The second conclusion I came to after dinner at D'Amico's Italian Market Cafe is that "bustling" and "relaxing" aren't mutually exclusive descriptors for a restaurant environment. The first conclusion was that D'Amico's provides its patrons with painstakingly crafted Italian food and fastidious service at shockingly reasonable prices. But I knew that already.
I've flitted in and out of D'Amico's to try their terrific, stuffed homemade pastas but up until recently I had never lingered. Perhaps some of my hesitance to do so stemmed from the establishments's "market component," which I worried made the environment less suitable for a leisurely meal.[jump]
I was wrong. Indeed, on most nights D'Amico's packs a hearty, chatty crowd of diners that includes boisterous families, loquacious couples, and medium-size groups. And, because the dining room is small, space is at a premium, so you're likely to hear snippets of your neighbors' conversation and if you stand in one place too long, you're likely to be in someone's way. In the midst of what some might call "chaos" is some unseen font of soothing energy that makes you feel warm, assured, and completely confident all your needs will be met. You almost don't even need a glass of wine to forget that long day (though teetotaling means you miss out on trying some of their well-priced varietals).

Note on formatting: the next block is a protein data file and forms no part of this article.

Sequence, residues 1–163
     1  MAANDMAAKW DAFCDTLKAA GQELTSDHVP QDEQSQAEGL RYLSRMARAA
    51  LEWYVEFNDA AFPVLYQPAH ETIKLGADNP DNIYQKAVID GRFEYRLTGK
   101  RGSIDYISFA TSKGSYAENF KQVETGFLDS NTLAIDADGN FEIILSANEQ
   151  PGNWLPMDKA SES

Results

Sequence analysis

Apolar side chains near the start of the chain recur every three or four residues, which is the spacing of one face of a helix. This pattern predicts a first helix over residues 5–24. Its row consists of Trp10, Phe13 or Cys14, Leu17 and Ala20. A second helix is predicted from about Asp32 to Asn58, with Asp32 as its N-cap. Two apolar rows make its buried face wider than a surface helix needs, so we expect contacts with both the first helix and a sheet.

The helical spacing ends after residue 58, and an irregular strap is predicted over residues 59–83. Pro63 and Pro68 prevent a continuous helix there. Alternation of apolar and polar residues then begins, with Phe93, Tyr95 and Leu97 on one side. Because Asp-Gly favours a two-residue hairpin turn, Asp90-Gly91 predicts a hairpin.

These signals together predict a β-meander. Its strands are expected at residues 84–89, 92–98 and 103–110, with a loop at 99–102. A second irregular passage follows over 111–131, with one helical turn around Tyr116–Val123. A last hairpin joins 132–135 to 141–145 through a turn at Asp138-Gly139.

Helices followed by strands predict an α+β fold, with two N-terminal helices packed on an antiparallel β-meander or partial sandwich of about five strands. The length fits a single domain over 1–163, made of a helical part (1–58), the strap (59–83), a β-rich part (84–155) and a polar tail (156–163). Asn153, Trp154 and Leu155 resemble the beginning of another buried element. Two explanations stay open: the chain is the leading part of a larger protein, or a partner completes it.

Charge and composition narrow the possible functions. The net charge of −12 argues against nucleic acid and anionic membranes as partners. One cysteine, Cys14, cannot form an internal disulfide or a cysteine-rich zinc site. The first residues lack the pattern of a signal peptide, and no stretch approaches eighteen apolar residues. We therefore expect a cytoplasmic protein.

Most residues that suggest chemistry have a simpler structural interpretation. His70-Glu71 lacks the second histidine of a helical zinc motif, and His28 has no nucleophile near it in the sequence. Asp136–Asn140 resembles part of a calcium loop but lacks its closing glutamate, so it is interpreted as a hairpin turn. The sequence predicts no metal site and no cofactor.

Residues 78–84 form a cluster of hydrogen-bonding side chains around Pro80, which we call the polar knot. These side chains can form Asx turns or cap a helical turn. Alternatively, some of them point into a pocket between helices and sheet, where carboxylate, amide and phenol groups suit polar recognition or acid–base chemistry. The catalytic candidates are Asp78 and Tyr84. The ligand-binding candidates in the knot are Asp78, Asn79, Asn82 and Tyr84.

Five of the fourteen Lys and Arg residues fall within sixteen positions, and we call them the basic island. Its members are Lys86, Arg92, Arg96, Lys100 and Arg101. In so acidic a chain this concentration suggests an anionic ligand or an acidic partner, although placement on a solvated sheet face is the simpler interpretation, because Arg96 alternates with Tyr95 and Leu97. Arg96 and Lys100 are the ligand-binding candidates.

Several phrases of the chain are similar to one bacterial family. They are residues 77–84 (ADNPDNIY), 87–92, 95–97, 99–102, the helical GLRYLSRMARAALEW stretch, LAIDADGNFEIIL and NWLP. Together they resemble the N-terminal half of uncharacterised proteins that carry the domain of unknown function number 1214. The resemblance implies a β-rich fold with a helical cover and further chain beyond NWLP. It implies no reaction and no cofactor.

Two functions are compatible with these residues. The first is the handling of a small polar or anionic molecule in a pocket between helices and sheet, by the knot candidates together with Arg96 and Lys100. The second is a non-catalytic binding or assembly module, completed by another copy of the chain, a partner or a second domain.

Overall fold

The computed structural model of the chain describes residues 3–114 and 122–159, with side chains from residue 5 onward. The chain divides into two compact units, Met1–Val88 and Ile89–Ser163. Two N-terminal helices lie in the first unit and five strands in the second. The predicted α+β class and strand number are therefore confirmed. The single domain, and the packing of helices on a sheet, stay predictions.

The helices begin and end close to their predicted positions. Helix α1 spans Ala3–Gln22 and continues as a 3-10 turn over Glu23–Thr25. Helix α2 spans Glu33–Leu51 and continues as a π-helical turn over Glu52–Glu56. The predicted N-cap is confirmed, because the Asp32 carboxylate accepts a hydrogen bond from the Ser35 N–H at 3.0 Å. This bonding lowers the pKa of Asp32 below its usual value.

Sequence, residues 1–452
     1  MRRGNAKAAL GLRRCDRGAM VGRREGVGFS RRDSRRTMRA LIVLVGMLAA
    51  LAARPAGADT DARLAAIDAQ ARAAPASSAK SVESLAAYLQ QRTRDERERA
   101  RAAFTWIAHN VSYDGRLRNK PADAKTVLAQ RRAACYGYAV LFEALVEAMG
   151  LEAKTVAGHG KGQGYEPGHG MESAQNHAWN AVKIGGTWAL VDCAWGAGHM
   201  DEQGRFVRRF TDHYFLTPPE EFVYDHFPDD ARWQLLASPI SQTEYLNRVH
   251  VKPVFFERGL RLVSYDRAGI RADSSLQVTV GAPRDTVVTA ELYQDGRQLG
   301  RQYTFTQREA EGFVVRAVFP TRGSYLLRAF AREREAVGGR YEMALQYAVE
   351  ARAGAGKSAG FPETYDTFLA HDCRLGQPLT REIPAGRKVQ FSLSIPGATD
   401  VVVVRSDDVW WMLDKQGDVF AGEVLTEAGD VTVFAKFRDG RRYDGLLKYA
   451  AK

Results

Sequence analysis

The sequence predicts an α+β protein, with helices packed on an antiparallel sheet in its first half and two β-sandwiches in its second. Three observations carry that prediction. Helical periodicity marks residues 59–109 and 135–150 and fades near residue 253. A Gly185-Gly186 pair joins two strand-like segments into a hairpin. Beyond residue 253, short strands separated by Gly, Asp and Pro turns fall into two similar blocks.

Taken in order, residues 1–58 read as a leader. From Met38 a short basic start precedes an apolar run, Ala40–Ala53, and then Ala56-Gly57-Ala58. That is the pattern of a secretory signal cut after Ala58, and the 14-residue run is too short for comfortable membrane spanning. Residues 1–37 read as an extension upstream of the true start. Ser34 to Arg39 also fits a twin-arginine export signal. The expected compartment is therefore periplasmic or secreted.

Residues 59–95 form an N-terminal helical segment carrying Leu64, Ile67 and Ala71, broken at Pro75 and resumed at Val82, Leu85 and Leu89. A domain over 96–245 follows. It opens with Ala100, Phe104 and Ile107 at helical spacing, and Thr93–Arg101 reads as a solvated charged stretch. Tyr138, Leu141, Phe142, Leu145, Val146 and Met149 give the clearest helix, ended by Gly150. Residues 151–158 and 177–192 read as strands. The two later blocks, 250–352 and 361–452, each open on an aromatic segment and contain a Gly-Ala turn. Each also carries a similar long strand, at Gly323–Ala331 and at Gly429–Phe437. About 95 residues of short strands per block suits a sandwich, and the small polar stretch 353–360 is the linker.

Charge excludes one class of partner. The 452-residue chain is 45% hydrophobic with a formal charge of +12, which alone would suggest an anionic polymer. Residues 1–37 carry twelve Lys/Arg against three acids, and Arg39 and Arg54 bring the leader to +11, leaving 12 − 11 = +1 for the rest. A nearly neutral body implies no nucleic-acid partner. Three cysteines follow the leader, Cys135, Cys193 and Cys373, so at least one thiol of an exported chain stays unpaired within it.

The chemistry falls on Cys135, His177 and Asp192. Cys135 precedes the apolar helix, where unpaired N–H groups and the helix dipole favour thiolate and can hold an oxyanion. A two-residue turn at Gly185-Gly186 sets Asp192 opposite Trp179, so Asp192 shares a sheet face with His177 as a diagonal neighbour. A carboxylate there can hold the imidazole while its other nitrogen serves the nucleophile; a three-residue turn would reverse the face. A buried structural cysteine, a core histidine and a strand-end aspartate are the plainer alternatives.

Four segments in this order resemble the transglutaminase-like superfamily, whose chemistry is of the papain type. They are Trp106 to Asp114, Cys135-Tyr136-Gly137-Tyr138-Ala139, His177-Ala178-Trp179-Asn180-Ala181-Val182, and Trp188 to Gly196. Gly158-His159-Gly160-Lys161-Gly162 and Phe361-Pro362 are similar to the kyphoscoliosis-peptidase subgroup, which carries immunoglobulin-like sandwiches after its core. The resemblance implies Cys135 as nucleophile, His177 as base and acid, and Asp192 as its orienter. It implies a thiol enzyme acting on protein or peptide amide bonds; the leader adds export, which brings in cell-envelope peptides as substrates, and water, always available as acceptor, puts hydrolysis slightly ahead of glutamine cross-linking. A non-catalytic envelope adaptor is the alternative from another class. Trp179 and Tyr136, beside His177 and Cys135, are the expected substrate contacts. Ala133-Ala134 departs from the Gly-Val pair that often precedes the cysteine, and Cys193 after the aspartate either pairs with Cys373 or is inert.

Though tempted by the voluminous antipasto platter, my friend and I opted for the bruschetta and calamari. These starters are mainstays Italian cuisine and while seemingly straightforward in construction, are easy to screw up via less-than-fresh ingredients and ill-timed preparation. D'Amico's nails both, delivering evenly battered, well-seasoned squid that is fried just long enough to produce a crispy yet supple texture and oval toasts bursting with summer flavor thanks to fresh tomatoes, basil, and goat cheese.
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